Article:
- The Washington Times - Monday, January 10, 2000

In an interview that appeared in Tuesday's editions of The Washington Times, Mayor Williams gave reporter Ron Hansen a hearty dose of where his administration is headed during the remaining three years of his term and lessons of the first. The mayor says he plans to turn up the heat on one troubled agency and, as Mr. Hansen wrote, "force a large bureaucracy to be more responsive to its customers and fiscally sound." The dollars and sense of D.C. government are on fairly sound footing, but the bureaucracy remains as customer unfriendly as ever.
A D.C. motorist found that out one recent afternoon at motor-vehicle offices on C Street NW. Having patiently waited for nearly two hours and braced for a third, he asked an employee if it would be alright to use the men's room. He had to ask because the employee had locked the doors promptly at 4 o'clock and defiantly stood sentry over all who dared to attempt to enter or leave the room. When the man asked again to use the restroom, telling the employee his situation was urgent, the employee said, "sit down," "(go) in your chair." Onlookers were appalled, but few dared to question the don't-ask-don't go policy.
If you think that's crude, consider what happened to another of the District's "customers." This man was in search of assistance regarding his auto insurance at motor-vehicle offices at 6th and H streets NE. After standing in line for 20 minutes or so, he told this page, an employee behind a glass shield scolded him for being in the wrong office. The man innocently said he didn't know, then asked the clerk if he still needed the same forms he had already filled out. With a few flicks of her wrist, she shredded the forms, and thereafter, in trance-like sequence, repeatedly said, "65 K Street NW."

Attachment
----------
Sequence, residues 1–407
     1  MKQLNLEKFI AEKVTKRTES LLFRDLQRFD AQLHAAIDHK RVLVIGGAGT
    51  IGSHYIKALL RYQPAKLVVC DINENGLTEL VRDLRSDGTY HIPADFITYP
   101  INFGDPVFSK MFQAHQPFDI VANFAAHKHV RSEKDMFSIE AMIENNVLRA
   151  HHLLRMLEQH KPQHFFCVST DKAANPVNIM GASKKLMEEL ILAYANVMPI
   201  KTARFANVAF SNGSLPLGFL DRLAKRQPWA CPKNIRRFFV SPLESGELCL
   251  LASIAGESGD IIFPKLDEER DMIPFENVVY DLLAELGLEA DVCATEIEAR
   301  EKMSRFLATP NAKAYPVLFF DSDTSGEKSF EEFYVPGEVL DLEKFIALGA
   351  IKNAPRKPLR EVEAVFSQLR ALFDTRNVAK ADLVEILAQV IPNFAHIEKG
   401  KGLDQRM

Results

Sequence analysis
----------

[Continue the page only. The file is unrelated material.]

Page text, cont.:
K Street employees are just as rude as their bureaucratic brethren on C Street and H Street. A clerk, safely tucked behind yet another glass shield and in yet another dingy office, chatted on the phone while the line of "customers" grew longer and longer. A security guard rummaged through a "customer's" handbag then tossed it on his desk, with her very personal belongings there for all to see. Yet another "customer," an elderly, disabled gent who said he had stood in line for a half-hour, was so nervous after witnessing earlier confrontations, he could not find his driver's permit. Poor soul, he said he would try again the next day.
Somehow, Maryland and Virginia give their "customers" an easier and far more pleasant go of things. A former D.C. resident recently told this page she spent little more than a hour, including drive time from downtown D.C., getting her tags renewed in neighboring Prince George's County. By contrast, D.C. motorists had to wait two frustratingly long hours at the inspection station in Southwest Washington that very same day.
Unfortunately, motor vehicles was not the troubled agency Mayor Williams singled out as problematic. That would be the Department of Human Services. But encouraging humane services from all city workers wouldn't be a bad idea either.

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